Skip navigation
Prisoner Education Guide
× You have 2 more free articles available this month. Subscribe today.

Minneapolis Police Used EMS Staff to Drug Certain Suspects, Report Says

by Betty Nelander

A City of Minneapolis investigation has revealed that some people who were suspected of crimes were drugged by medical responders with a powerful anesthetic at the request of local police. The drugging requests took place over three years.

Ketamine, a date rape drug street-named Special K, was injected to subdue suspects who were reportedly severely agitated, combative, or a threat to themselves or others, although in some cases the individual was already restrained or did not fit the usage criteria, according to the draft report by the Office of Police Conduct Review, a division of the city’s Department of Civil Rights. The drug caused breathing or heart problems, the draft report said, requiring some people to be revived or intubated.

The Minneapolis Star Tribune obtained a copy of the draft report, which said the cases ranged from obstruction of justice to jaywalking.

The emergency medical workers from Hennepin Healthcare were asked to sedate a number of individuals. “Last year, ketamine sedations were used in .095 percent of the 81,500 EMS transports, or calls for service, that we did last year,” said Dr. William Heegaard, chief medical officer at Hennepin County Medical Center. The number of documented injections increased from three in 2012 to 62 in 2017.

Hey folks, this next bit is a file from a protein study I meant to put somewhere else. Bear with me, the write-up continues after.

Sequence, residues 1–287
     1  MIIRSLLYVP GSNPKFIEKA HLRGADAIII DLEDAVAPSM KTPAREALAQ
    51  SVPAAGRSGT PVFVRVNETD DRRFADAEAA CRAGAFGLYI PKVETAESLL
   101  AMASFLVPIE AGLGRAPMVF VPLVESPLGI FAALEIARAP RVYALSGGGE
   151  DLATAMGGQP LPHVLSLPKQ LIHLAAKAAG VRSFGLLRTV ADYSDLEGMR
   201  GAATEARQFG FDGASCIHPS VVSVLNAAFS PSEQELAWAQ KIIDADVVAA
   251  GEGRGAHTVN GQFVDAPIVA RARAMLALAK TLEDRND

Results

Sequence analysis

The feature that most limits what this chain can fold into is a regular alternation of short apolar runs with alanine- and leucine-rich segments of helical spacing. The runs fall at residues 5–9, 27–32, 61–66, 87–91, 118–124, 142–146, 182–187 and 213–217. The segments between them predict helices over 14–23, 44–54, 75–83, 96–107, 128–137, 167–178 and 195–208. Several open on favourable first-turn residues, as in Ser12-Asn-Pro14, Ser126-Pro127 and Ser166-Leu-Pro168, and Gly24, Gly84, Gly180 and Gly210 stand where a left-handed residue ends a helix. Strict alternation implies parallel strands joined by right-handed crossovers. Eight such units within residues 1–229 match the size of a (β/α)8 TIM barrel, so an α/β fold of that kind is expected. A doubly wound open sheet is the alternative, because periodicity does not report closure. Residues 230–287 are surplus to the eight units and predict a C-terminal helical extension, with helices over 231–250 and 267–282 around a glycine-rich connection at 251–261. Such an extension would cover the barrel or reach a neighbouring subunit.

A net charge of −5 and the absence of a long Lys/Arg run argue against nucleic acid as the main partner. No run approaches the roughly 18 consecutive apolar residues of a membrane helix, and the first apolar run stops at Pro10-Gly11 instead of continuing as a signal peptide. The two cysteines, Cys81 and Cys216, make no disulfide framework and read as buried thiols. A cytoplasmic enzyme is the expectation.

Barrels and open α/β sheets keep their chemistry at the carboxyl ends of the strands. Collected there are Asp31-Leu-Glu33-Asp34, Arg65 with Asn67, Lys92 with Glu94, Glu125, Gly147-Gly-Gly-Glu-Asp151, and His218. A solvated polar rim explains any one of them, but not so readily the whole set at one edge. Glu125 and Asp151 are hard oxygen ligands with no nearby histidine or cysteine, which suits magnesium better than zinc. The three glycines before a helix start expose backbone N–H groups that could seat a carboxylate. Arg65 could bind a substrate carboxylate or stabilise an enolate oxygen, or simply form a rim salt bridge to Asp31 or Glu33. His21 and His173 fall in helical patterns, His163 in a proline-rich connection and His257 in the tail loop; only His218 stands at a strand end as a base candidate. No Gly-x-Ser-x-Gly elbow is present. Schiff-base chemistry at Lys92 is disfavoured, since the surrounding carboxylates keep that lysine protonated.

Minneapolis Police Chief Medaria Arradondo was critical of the draft report, calling it incomplete and said he’s initiated steps to “prohibit officers from making suggestions or recommendations to EMS staff.”

“In many cases, the individual being detained or arrested was not only handcuffed, but strapped down on a stretcher in an ambulance before receiving ketamine,” the report states. It raises a “concerning question” over why these people are given the drug before they are transported to the hospital, “given the immediate effects on breathing and heart function that the drug induces.”

According to the report: “Between 2016 and 2017, MPD officers explicitly asked EMS to provide ketamine, either when calling for EMS services or upon arrival of the ambulance eight times.… Also, MPD officers assisted EMTs while they injected individuals with ketamine” by physically holding them down while the EMS gave the shot. Many were in handcuffs, and some were in spit hoods.”

The report will be made available to the public once it is complete, Arradondo said. 

 

As a digital subscriber to Criminal Legal News, you can access full text and downloads for this and other premium content.

Subscribe today

Already a subscriber? Login




 

Advertise here

 

Disciplinary Self-Help Litigation Manual

 

Federal Prison Handbook